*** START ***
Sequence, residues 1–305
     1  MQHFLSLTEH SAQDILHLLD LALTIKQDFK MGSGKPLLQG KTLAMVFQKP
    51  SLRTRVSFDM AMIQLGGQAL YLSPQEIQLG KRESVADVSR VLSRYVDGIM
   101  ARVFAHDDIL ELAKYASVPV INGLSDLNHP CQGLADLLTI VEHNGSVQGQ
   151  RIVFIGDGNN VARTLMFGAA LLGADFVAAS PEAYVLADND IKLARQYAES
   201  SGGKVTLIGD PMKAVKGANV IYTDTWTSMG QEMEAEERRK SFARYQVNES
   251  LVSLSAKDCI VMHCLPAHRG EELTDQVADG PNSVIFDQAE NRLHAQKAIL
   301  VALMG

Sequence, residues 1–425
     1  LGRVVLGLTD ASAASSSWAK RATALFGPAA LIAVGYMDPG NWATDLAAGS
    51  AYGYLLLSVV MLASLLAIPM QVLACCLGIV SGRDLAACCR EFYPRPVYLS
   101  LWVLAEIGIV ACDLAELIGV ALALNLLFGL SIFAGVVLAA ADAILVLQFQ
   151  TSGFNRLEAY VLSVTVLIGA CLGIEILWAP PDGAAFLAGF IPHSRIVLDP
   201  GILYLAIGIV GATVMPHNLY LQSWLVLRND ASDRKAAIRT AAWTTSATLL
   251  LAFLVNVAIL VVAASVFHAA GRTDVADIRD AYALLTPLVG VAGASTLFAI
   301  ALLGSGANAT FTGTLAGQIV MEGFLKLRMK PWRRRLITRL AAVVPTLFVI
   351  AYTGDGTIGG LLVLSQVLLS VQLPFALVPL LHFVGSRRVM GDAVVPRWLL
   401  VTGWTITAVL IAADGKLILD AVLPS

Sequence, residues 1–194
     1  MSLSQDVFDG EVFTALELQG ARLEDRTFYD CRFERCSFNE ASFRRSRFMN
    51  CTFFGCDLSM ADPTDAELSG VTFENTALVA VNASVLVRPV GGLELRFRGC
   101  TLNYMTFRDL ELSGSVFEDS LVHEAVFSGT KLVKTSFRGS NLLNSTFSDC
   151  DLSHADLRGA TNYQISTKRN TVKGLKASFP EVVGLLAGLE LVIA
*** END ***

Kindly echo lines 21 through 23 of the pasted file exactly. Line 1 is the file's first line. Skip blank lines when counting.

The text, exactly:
    51  CTFFGCDLSM ADPTDAELSG VTFENTALVA VNASVLVRPV GGLELRFRGC
   101  TLNYMTFRDL ELSGSVFEDS LVHEAVFSGT KLVKTSFRGS NLLNSTFSDC
   151  DLSHADLRGA TNYQISTKRN TVKGLKASFP EVVGLLAGLE LVIA